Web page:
Areal entities have multiple representations in different geographical vector datasets. The same areal entities can be represented by either a simple polygon, a holed polygon or a multipolygon. Thus, it is necessary to find a similarity measurement that can apply to different kinds of polygons. Vector polygons are represented by points on their contours. Thus, most shape description methods used in Geographic Information System are contour-based. However, contour-based shape description may not be suitable for complex shapes that consist of several disjoint regions such as multipolygons [21]. In the field of traditional image processing, the moment description method has a wide range of applications in image matching, retrieval and identification [22]. This method can extract invariant shape features under the transformation of translation, rotation, and scaling, and can describe global shape features of overall areas which means it can describe all kinds of polygons [23]. Therefore, this region-based shape description method is more suitable for areal entities than methods based on shape contour description. Although shape representation of vector data is different from images, vector data can also express shape feature of entities. In this paper, the moment description method in the field of image processing is introduced to extract invariant moments of areal entities in vector data. Considering inconsistencies caused by map generalization, we construct convex hull moment invariant curves to make the shape description more robust. Then, shape descriptors are obtained by fast Fourier transform on the curves to realize the similarity measure of areal entities. Specifically, the contributions of this paper are summarized below.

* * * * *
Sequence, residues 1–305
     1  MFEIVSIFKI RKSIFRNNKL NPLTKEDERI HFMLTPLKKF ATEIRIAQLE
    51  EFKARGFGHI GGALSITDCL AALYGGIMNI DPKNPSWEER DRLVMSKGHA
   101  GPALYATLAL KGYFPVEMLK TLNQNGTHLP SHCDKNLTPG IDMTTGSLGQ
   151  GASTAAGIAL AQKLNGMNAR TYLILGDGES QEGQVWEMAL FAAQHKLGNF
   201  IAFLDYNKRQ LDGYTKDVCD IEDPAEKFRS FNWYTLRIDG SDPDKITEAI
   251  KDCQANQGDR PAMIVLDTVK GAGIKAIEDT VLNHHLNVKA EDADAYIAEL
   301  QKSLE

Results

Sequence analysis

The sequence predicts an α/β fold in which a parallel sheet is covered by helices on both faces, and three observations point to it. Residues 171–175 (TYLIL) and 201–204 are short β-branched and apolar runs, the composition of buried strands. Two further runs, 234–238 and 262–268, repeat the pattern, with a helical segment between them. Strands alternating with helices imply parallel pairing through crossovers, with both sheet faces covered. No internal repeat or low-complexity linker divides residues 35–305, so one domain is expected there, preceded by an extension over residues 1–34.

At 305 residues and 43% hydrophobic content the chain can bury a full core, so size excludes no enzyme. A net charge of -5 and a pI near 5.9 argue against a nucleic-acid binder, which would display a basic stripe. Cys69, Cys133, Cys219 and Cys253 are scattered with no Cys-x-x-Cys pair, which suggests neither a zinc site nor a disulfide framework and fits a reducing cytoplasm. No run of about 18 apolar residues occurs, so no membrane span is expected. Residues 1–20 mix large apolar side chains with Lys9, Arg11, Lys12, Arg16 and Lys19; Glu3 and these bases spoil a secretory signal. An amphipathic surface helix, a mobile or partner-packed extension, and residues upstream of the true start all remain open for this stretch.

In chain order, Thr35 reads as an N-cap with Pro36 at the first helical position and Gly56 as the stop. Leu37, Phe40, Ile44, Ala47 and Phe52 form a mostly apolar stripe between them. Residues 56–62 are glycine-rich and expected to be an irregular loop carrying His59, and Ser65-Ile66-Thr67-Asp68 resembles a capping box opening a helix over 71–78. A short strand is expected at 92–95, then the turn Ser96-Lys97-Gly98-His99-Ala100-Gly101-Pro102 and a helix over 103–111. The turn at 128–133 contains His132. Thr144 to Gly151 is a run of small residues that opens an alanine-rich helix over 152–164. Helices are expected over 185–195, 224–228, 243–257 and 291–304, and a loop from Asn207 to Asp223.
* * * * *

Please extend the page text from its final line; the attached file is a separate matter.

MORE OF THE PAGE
- We extend the calculation of geometric moments from images to vector polygons.
- Based on convex hull and moment invariants, we construct convex hull moment invariant curves to describe shapes and extract shape descriptors from the curves.
- We validate our method by experiments of invariance, similarity, and matching. Experimental results show that our shape descriptor is invariant to translation, rotation, and scaling. In addition, it takes advantage of moment invariants and convex hull and can be used for vector data matching.

The rest of this paper is organized as follows. Section 2 introduces multiple representations of areal entities in geographical vector data. Section 3 introduces moment-based method of describing shape and discusses moment calculation method in geographical vector data. In Section 4, we propose a shape similarity measurement model considering map representation differences in geospatial datasets. Next, we apply the model to different experiments, then discuss and analyze the results in Section 5. Finally, we conclude the study in Section 6.